Alitalia finds new suitors


Alitalia said late Monday it’ll pursue preliminary takeover talks with six parties including Air France-KLM Group, Deutsche Lufthansa and private-equity firm TPG as the government proceeds with efforts to sell the loss-making carrier.

The remaining interested investors in Italy’s national airline include domestic low-cost rival Air One, Russia’s OAO Aeroflot and a group represented by Italian lawyer Antonia Baldassare, Alitalia said in a statement. On Tuesday Alitalia said the shareholders in the Baldassare consortium include Safna, Engineering SpA, Aermar Srl, Mivtach Shamir H. Ltd, I Viaggi del Ventaglio SpA and Reficere Srl.

The Italian government has been trying to sell its 49.9% stake in Alitalia for the past eight months. The airline, which is losing at least €1 million a day, initially attracted a flurry of buyers, including some of the parties that declared an interest again on Tuesday, but they dropped out one by one over the summer citing restrictive conditions imposed by the government and a lack of access to its books. (see full story). Chairman Maurizio Patro last month told Italian newspaper Il Sole 24 in an interview that Alitalia intended to get in touch again with all the parties that had shown an interest in the initial auction. The list published late Monday is the result of the renewed contacts.

Air France-KLM and Deutsche Lufthansa, Europe’s first- and second-largest airlines, are involved in the bid process for the first time. OAO Aeroflot, Air One and TGP (formerly known as Texas Pacific), had quit the earlier auction. Prato briefed the airline’s board on the takeover options Monday. The airline is seeking to complete the sale “in the shortest possible timeframe.” Shares of Alitalia have declined 22% so far this year. They were last up 3.2% in Milan morning trading. Air France-KLM shares slipped 0.5% in Paris. Lufthansa shares inched 0.3% higher in Frankfurt.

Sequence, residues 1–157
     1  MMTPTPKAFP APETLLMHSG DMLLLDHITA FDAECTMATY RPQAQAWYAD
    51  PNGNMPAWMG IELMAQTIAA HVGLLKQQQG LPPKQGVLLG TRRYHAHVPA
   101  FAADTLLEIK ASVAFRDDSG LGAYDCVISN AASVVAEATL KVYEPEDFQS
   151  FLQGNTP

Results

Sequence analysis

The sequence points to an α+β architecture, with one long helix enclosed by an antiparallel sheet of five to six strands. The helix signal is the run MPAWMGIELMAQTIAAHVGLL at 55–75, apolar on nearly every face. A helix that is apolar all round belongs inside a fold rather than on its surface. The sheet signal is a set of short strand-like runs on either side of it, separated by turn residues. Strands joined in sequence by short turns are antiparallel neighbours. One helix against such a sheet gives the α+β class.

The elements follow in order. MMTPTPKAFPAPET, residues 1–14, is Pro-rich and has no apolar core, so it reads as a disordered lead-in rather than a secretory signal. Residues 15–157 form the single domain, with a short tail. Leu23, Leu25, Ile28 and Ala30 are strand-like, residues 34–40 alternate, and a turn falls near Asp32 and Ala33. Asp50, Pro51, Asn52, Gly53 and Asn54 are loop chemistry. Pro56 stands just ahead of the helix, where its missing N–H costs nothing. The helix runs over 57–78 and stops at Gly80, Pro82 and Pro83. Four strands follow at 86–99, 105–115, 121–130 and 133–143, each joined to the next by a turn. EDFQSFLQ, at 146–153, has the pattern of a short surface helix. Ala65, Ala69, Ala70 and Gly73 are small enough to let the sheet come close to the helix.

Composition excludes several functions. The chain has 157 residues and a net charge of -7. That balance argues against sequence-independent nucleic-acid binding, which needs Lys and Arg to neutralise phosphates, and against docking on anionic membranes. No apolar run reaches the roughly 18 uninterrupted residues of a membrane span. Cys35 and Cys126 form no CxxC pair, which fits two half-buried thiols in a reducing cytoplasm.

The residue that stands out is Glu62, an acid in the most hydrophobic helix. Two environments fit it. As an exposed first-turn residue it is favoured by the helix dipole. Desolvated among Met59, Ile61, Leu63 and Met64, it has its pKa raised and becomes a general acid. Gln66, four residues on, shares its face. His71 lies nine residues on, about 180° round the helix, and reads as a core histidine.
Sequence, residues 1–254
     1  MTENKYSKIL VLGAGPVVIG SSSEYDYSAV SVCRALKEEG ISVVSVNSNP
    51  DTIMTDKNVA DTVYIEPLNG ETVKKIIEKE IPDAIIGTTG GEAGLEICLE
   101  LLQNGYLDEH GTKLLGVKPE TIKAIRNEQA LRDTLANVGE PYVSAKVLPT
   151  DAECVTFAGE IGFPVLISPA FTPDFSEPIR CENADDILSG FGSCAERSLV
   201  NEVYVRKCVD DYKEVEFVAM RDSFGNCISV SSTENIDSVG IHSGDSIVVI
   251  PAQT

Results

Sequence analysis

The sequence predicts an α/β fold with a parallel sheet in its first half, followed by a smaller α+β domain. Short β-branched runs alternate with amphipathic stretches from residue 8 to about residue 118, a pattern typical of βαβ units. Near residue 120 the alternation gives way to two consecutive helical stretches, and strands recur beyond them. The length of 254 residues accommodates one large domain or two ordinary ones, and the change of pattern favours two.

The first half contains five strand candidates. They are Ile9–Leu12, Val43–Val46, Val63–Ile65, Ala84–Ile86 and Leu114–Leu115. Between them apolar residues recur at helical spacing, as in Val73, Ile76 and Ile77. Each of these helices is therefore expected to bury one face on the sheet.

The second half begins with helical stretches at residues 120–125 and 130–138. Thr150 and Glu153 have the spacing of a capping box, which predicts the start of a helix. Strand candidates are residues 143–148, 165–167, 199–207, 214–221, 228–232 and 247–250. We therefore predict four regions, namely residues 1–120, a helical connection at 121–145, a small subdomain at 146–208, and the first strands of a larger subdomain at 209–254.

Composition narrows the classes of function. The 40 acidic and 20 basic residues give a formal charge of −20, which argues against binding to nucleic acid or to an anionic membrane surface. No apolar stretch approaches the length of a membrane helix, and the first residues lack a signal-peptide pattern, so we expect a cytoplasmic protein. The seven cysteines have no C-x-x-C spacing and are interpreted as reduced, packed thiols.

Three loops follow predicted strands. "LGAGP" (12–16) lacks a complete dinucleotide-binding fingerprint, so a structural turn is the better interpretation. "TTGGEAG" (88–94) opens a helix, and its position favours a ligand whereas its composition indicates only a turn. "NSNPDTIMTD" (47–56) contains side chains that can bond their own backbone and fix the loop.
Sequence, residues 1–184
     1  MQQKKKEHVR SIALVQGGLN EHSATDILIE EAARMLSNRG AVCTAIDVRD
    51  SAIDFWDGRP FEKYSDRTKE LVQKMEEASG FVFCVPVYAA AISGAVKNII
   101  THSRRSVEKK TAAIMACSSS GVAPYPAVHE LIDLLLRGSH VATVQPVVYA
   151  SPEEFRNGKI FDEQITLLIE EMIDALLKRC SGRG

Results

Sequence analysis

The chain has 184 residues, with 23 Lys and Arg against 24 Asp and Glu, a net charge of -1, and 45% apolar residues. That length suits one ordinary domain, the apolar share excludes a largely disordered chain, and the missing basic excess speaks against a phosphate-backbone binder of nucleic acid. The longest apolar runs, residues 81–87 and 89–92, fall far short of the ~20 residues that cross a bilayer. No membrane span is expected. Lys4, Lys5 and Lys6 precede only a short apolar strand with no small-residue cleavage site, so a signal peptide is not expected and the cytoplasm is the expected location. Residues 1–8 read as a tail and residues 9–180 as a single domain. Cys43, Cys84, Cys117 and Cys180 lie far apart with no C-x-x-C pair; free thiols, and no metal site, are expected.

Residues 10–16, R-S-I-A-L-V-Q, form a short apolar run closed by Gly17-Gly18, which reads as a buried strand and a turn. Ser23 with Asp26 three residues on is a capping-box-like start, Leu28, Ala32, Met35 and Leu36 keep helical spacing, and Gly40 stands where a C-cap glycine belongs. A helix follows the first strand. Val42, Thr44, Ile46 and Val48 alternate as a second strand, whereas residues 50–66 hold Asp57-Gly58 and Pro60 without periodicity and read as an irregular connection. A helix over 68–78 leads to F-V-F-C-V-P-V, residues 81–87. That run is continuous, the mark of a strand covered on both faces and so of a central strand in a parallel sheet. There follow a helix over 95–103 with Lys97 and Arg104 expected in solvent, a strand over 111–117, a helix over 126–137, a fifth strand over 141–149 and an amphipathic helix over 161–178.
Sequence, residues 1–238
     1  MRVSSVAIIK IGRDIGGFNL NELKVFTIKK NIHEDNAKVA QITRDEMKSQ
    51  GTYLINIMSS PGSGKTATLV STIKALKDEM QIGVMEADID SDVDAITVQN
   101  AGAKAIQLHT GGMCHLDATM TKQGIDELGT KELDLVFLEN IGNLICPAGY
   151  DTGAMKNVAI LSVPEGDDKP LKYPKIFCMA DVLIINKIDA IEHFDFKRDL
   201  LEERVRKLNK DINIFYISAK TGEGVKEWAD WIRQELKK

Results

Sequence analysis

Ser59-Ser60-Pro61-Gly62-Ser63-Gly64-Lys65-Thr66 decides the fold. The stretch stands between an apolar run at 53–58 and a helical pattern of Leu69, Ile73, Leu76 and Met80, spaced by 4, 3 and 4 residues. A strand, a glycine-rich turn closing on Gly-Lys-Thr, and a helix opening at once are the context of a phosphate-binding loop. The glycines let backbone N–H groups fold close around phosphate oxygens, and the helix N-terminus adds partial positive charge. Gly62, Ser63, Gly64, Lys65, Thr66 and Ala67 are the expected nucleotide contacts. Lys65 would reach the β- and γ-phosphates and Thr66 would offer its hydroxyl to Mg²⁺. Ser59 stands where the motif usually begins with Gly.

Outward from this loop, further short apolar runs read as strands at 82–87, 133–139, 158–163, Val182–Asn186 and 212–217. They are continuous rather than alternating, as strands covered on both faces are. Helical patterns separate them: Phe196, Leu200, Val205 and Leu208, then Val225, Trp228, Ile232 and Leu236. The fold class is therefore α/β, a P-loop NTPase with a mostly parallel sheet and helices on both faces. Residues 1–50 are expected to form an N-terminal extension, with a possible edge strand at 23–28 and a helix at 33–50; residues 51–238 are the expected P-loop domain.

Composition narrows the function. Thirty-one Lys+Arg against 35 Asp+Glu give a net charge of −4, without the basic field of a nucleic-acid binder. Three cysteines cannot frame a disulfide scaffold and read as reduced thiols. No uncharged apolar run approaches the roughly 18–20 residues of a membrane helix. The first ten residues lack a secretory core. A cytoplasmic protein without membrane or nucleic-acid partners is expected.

The statement published late Monday didn’t specify whether the government had dropped some of the conditions that caused the auction to collapse the first time around in order to woo back suitors. These conditions included maintaining certain staff levels, continued operation of some routes and traffic rights regardless of profitability, preserving Alitalia’s identity, and not selling certain Alitalia interests for three years. Last month Prato unveiled a survival plan under which Alitalia would reduce its international hub activities at Milan’s Malpensa airport while expanding its low-cost and cargo operations there. The plan drew a sharp outcry from local politicians and officials.

As part of the plan, Alitalia said it aims to carry 28.7 million passengers in 2010, up from the 25.5 million expected this year. It targets earnings before interest, tax, depreciation, amortization and rental costs of 11% in 2010 compared with the 2.6% achieved in 2006. Alitalia lost €211.1 million ($296.3 million) in the H1 of the year, and a total of €625.6 million last year. (

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